Awarding the most coveted peace prize to the European Union was no doubt a well-staged coup de théâtre. Not surprisingly, the decision has infuriated the (ever growing) battalion of Euro über-skeptics, who have cried foul. Crowning a freshly minted US president with little to show for as peace-maker (as the Nobel committee did in 2009), baffling as it might sound, can be written off as naive wishful thinking . But the EU? The new leviathan that is currently taking the continent down the drain? The Devil impersonated? Come on! The Nobel committee, however, has managed to achieve another, and arguably more difficult, feat, that is to embarrass the pro-EU crowd, especially those in the halls of power who still (claim to) support the European project. They might not dare to say it openly – after all, this prize is a recognition of the positive impact that the Union has had on putting the continent’s history of conflict and destruction behind. In normal circumstances, these kinds of awards are the best you might wish for. But these are not normal circumstances. It is an understatement to say that the EU has gone through better days. A prize now? Awkward… Indeed, EU leaders might feel the same type of unease that surrounded (then) English football captain John Terry, who in 2009 won a prize as ‘dad of the year[i], although he was cheating on his wife…[ii]. (In fairness, revelations about the footballer’s extra-curricular activities came ex post facto, unlike the EU case, where the award committee was well aware of the recipient’s current record…). Intriguing as it might be, this story does not end with the controversial decision taken back in October in Oslo. Even around the time of the actual award ceremony (known as ‘Nobel days’), the spectacle continues – now taking on the features of the comedie de l’absurd. As a precautionary measure, Norway – the host country – has decided to reinstate controls at its frontiers to prevent possible troublemakers to ruin the event. The irony is not lost in this move. Norway, a non EU member who is a member of Schengen – Europe’s border free regime – temporarily has suspended EU rules regarding freedom of movement to celebrate the Union’s achievements, including – ehm – cross continent freedom of movement. So, while frontier controls are supposedly not an effective tool against cross border criminal activities – as the EU mantra goes – they are indispensable to protect EU leaders attending a ceremony in which they hail themselves as beacons of freedom. Worth repeating: awkward!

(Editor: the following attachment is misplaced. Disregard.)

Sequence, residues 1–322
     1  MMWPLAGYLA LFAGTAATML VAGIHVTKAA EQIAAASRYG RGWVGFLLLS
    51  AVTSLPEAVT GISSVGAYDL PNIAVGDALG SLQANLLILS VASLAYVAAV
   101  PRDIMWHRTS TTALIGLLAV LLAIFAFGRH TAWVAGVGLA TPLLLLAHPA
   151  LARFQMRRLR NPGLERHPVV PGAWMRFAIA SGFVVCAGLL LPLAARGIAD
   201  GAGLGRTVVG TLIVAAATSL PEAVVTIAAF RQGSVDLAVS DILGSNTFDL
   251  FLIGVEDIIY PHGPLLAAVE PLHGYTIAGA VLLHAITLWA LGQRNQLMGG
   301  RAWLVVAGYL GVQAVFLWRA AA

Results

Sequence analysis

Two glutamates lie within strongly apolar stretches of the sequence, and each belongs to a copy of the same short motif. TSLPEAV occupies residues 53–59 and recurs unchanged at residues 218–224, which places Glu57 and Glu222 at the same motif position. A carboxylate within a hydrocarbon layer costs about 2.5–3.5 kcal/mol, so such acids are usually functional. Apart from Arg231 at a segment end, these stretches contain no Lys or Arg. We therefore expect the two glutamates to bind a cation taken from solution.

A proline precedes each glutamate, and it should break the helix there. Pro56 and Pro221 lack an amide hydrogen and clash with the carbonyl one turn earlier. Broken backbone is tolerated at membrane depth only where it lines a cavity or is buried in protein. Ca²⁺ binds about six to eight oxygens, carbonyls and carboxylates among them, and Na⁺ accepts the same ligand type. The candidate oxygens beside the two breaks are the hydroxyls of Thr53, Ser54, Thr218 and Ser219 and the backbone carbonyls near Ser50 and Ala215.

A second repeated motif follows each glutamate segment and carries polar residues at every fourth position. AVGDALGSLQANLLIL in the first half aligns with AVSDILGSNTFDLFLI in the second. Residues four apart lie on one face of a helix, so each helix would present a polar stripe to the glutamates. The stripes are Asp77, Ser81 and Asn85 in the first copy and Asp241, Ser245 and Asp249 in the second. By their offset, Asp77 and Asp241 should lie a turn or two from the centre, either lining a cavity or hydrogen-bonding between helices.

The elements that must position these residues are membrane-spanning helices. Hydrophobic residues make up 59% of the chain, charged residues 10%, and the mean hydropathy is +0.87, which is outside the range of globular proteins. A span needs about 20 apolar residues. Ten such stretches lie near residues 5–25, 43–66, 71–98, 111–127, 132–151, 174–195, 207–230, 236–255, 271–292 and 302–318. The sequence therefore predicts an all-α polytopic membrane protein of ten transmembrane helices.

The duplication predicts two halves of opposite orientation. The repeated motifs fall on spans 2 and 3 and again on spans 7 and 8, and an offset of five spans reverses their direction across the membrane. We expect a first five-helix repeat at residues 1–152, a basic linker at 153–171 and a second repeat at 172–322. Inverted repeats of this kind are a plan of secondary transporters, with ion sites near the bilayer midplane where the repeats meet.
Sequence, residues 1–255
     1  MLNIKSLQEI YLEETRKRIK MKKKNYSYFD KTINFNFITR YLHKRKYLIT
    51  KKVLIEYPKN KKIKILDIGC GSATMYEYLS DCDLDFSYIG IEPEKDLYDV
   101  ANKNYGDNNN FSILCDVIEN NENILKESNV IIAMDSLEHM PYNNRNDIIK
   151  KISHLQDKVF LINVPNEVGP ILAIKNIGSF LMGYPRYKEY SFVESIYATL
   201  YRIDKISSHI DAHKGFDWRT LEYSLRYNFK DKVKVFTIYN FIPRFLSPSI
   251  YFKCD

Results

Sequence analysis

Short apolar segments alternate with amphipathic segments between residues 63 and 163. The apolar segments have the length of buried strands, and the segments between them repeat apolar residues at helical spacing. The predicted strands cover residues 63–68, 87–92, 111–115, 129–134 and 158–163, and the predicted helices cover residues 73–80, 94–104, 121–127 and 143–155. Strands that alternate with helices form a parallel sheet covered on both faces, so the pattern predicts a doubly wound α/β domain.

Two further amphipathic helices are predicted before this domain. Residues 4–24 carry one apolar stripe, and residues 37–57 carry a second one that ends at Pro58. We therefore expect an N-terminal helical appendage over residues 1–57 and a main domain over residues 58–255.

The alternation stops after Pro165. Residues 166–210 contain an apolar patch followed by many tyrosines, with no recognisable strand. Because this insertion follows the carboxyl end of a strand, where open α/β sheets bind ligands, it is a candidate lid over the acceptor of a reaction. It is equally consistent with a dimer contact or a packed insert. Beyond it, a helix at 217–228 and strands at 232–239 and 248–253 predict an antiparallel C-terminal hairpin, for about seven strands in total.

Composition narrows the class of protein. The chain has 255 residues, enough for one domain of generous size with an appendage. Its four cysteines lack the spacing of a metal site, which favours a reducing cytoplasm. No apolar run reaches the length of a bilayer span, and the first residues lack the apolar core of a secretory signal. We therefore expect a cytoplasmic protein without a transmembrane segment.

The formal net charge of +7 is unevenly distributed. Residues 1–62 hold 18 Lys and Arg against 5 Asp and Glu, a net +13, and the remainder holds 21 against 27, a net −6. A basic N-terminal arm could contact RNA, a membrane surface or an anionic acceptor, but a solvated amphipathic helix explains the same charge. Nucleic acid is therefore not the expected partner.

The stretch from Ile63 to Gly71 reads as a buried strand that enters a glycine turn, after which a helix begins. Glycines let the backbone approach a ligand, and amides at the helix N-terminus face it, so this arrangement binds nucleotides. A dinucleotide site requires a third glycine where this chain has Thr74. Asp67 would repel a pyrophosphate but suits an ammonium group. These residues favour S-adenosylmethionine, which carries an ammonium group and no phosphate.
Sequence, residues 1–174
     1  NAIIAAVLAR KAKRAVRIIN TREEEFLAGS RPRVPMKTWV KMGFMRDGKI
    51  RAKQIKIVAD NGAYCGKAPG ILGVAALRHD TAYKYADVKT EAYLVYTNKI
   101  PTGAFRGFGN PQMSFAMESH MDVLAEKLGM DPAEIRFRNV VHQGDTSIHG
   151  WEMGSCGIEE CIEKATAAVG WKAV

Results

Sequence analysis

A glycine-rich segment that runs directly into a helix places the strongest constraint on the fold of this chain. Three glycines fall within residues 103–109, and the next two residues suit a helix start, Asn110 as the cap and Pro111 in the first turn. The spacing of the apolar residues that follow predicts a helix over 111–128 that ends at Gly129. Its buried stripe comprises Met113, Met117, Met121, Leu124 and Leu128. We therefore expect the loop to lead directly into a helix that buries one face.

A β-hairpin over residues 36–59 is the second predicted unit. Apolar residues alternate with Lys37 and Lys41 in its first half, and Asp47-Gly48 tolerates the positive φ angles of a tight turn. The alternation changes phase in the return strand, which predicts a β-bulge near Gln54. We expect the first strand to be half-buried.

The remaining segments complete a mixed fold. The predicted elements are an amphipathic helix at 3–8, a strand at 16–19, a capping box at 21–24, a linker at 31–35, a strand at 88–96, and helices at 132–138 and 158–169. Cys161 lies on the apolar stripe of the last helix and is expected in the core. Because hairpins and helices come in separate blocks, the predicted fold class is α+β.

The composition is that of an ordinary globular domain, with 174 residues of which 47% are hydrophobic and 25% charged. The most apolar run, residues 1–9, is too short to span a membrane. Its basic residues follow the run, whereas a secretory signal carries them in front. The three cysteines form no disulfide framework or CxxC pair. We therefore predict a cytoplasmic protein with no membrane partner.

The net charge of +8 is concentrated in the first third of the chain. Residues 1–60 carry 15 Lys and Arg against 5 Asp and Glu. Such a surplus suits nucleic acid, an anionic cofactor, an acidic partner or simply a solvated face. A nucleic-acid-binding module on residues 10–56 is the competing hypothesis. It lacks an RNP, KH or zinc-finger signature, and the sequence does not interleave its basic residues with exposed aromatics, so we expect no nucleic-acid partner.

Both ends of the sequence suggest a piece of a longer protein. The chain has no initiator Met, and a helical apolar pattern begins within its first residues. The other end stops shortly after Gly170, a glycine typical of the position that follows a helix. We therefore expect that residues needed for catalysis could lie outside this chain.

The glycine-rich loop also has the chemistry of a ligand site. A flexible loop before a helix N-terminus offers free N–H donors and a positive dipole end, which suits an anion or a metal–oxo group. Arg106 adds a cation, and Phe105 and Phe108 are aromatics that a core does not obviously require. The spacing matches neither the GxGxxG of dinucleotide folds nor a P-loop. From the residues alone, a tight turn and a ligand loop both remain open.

Contradictions are an integral part of politics. After all, politics is the art of the possible, of rendering the absurd normal and the unacceptable tolerable. Which makes me wonder: might be John Terry heading to Oslo next year (and not for a football game)?